Telstra deal costing taxpayers millions will be scrapped
A DEAL that sees Telstra receive millions of dollars a year from the taxpayer to ensure all Australians have access to a telephone line should be largely scrapped in the next few years.
That's the recommendation delivered today by the government's Productivity Commission, which called the Universal Service Obligation (USO) deal "anachronistic and costly" and said "it should be wound up by 2020" to coincide with the completion of the National Broadband Network.
The suggestions made in the final report are hardly surprising given that a draft report published in December called on the government to abandon parts of the current agreement, calling it "anachronistic" and "obsolete".
The 20-year contract, which has a net value of $3 billion, is set to run until 2032, and means the country's major telco receives millions in funding to ensure those who aren't catered to by the market have access to a standard telephone service.
As part of the agreement - which was first introduced in the 1990s - Telstra also provides payphones to all Australian towns.
About half the funding comes from taxpayers while an industry levy is used to subsidise the rest, meaning the likes of TPG, Optus and Vodafone subsidise Telstra to deliver phone services to Australians in the bush.
The commission's report said the impending completion of the NBN and improving mobile network coverage meant "more than 99 per cent" of premises would have access to reliable and affordable voice services effectively making the USO agreement unnecessary.
"The commission's assessment is that the service level provided by NBN, combined with existing mobile networks will be more than adequate to meet a baseline level of broadband and voice service availability for the vast majority of premises across Australia - particularly for all premises in the NBN fixed-line and fixed wireless footprints, and those in the satellite footprint with adequate mobile coverage," it said.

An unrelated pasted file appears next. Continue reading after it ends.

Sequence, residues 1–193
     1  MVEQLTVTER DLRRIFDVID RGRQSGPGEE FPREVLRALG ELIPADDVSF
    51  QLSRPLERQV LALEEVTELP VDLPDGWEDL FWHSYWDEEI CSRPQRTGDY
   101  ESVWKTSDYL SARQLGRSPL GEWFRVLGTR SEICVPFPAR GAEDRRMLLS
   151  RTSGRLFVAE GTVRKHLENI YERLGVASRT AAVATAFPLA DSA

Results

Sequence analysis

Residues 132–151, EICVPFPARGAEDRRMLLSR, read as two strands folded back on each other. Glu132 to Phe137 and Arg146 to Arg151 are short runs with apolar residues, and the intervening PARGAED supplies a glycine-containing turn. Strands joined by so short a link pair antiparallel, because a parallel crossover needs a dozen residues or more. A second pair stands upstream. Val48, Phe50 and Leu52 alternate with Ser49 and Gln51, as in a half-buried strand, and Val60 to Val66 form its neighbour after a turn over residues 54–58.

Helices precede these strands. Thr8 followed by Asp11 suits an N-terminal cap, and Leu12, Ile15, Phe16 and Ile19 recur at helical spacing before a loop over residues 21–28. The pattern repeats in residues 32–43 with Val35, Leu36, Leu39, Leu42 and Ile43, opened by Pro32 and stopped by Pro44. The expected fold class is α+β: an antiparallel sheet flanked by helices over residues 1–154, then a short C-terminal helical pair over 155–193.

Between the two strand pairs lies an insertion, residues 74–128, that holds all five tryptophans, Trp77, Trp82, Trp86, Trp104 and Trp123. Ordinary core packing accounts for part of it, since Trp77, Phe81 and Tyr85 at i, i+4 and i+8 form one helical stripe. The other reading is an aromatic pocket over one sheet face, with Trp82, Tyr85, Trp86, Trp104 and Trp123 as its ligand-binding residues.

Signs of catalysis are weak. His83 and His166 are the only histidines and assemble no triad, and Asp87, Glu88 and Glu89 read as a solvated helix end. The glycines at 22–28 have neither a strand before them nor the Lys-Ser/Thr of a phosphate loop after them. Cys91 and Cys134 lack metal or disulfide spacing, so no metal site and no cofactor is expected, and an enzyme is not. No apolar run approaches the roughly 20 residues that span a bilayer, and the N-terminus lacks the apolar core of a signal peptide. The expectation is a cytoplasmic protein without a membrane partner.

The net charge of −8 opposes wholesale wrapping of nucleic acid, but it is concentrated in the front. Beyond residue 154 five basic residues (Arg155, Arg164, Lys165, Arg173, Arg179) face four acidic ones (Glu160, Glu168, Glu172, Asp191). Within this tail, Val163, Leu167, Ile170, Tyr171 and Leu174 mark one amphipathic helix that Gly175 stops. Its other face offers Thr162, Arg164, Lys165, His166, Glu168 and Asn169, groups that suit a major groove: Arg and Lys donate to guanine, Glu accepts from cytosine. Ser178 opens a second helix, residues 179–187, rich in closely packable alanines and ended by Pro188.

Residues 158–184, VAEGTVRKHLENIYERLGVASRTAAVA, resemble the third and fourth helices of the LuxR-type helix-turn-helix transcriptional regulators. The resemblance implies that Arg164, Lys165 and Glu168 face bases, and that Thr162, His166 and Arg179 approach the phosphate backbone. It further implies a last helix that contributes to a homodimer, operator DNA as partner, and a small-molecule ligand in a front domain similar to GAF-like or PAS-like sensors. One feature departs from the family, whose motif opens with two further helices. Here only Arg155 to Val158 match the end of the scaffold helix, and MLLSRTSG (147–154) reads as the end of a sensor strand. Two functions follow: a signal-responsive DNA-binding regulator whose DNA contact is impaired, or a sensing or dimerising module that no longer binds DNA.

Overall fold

The report called the current agreement a "blunt instrument with a one-size-fits-all approach to universal service provision" and called on the government to renegotiate and scrap much of the deal with Telstra.
"While Telstra may have acted with goodwill in fulfilling its contractual obligations, these arrangements no longer serve the best interests of the Australian community," it said.
The deal has long been a source on contention for the telco industry. Complaints from competitors such as Vodafone typically centre on the fact that there has been very little oversight as to exactly how Telstra spends the money it receives each year.
Vodafone led the charge against the current USO deal, calling it "opaque, inefficient, inflexible and (an) outdated model which delivers poor outcomes for consumers at the cost of substantial distortions to competition," in its report to the Commission's inquiry.
Senior lecturer in political science at the school of government and policy at the University of Canberra, Michael De Percy, told news.com.au last year that it was clear the agreement was "leftover from the past".
"It's fairly obvious that it needs to be more transparent," he said. "Because it's opaque and Telstra wants to keep it, it's obvious that it's to their advantage."
Telstra has previously said it remains supportive of changes being made to the USO but points out that it will take some time to properly consider all the implications for remote Australians.
"We need to make sure that we fully understand the impacts this could have on customers before taking any action that could see remote customers left without a reliable service," the company said.
As the Productivity Commission's report points out, transitioning away from the current USO could take "a few years" but the "transition process needs to start immediately," it said.
"The fundamental roadblock posed by the opaque contract with Telstra, and the surrounding legislative architecture, should be addressed promptly and systematically."
But it remains to be seen how aggressively the government will pursue the recommended changes.
"Implementing the recommendations put forward in this inquiry will clearly require a major renegotiation of the contract," the Productivity Commission noted.